The particular shape of a formative evaluation will depend on the context, including the program being evaluated and the resources available. A well-developed form of formative evaluation is described in the Action-Evaluation essay. Other forms of formative evaluation may be more appropriate where it is not possible to involve all stakeholders as consistently as is preferable in a full action-evaluation approach. For example, a training team might discuss amongst themselves the progress in their week-long training every evening, but involve the participants in an explicit formative evaluation for a short session in the middle of the training. Formative evaluation does not need to take over a project and infuse itself into every aspect of the work, but should be incorporated to the extent that it can improve work.
Until more reform happens, high-stakes assessments and the sheer numbers of tests students are expected to take will continue to be issues of prominent debate in the education world. The future of assessment is online and adaptive. In fact, as we move towards this future, tests will become increasingly precise, meeting students where they are, and pinpointing exactly what they need to learn. With this kind of data-rich precision, assessments should become less frequent in number and in intensity. After all, in the end, the problem is less the idea of testing itself, but how we design them, apply them, and make use of their data. Done the right way, assessments are a great way for educators to better understand their students’ progress, because helping students learn is the primary objective of education.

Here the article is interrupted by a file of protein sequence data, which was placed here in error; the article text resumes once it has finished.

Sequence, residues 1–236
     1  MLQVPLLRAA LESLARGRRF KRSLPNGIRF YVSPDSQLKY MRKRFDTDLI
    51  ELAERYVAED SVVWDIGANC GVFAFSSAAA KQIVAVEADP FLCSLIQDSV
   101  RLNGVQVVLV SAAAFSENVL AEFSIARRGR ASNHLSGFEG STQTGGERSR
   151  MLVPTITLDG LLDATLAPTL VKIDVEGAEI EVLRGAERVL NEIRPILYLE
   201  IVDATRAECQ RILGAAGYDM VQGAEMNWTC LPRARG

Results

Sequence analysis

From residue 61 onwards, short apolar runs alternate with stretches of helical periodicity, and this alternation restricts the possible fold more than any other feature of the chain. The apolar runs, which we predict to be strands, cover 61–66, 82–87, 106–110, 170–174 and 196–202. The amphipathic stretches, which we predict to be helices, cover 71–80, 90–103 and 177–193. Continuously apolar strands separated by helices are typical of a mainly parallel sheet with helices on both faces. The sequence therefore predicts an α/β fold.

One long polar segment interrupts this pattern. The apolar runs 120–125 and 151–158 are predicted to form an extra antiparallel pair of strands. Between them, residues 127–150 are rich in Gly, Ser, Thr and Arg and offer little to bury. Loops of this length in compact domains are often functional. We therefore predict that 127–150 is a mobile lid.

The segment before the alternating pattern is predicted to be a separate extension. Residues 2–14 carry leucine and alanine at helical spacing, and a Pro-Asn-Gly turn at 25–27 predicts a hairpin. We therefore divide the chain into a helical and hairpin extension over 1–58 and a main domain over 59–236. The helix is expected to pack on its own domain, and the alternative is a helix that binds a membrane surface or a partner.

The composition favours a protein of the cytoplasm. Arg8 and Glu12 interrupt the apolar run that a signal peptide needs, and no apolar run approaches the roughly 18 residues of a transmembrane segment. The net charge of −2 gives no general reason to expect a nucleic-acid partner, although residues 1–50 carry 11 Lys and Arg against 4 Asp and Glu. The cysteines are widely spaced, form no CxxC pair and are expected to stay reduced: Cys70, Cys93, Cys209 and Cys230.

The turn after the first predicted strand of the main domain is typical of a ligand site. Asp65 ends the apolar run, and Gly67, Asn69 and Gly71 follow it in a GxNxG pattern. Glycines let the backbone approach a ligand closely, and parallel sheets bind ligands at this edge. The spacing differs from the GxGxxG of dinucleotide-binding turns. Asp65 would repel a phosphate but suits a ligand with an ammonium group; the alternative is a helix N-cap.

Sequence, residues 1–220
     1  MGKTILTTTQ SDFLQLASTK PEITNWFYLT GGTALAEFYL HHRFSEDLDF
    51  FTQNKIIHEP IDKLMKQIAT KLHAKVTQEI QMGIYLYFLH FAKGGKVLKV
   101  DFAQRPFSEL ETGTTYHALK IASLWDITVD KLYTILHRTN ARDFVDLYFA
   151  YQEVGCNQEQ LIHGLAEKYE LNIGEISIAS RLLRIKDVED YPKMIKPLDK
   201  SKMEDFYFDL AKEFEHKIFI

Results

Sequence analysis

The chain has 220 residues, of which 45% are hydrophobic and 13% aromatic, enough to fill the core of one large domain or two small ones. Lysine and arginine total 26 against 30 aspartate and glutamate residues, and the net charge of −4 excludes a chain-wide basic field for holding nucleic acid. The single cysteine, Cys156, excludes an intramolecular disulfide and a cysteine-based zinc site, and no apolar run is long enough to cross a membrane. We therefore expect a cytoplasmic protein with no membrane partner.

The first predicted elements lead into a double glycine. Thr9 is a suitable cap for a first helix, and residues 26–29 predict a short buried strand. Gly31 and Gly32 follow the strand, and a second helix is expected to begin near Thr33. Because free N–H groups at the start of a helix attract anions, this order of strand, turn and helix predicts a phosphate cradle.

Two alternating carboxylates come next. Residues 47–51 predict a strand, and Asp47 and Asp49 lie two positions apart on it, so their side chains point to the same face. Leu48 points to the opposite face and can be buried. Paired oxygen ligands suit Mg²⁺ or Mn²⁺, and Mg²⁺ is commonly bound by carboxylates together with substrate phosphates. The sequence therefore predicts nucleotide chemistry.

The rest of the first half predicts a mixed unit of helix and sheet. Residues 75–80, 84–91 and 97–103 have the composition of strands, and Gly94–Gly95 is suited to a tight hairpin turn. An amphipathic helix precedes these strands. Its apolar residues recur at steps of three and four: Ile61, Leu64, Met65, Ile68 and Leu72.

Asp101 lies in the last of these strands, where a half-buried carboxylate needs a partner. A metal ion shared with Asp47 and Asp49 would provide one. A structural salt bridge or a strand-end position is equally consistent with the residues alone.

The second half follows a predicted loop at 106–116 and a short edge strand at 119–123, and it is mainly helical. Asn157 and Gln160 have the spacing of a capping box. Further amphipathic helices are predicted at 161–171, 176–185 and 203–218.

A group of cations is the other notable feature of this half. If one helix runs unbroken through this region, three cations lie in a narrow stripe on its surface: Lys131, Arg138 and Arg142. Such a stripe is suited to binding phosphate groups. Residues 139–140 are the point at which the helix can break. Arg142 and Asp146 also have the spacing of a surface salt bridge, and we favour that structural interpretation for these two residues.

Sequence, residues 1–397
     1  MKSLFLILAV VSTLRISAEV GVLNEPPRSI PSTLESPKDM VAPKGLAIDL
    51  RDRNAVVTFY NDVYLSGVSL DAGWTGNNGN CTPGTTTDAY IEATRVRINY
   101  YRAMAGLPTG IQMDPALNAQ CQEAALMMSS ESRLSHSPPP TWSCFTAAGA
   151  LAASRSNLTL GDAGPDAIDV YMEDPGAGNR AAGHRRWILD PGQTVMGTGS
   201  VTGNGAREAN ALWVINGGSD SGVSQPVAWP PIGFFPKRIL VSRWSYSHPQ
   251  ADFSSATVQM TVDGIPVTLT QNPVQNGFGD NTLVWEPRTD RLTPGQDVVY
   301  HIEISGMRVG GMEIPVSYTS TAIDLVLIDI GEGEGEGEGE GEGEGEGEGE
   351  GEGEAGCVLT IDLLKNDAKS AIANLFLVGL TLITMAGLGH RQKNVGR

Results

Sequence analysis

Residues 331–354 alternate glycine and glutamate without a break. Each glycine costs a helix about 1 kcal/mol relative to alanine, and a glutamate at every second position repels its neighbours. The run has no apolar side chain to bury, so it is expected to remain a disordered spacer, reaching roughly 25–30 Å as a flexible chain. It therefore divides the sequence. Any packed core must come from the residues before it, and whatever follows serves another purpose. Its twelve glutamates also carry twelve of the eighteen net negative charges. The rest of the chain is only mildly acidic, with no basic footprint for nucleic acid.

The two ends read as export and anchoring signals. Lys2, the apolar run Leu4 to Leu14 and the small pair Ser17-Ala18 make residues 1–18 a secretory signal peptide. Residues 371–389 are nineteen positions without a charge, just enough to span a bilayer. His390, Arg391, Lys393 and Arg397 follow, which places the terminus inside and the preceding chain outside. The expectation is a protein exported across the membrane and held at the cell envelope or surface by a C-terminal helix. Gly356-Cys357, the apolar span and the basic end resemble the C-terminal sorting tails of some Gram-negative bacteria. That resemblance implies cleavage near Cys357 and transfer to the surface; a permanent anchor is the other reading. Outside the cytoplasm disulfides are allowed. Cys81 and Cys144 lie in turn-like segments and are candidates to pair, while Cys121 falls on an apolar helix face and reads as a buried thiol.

As teachers and students are engaged in a continuous process of gathering evidence, making judgments, and adjusting/differentiating instruction with all students when a class, course, or unit begins, the frequency with which students are assessed, are engaged in forms of self-assessment, and teachers are making adjustments forward or backward are all part of effectively teaching and assessing with learning progressions. Pinchok and Brandt (2009), among a number of experts, "believe that the timeliness, flexibility, and ongoing nature of formative assessment techniques are most helpful in informing instruction for teachers and closing achievement gaps for students and for preparing students for the short- and long-term formative and summative benchmarks they must meet" (p. 10).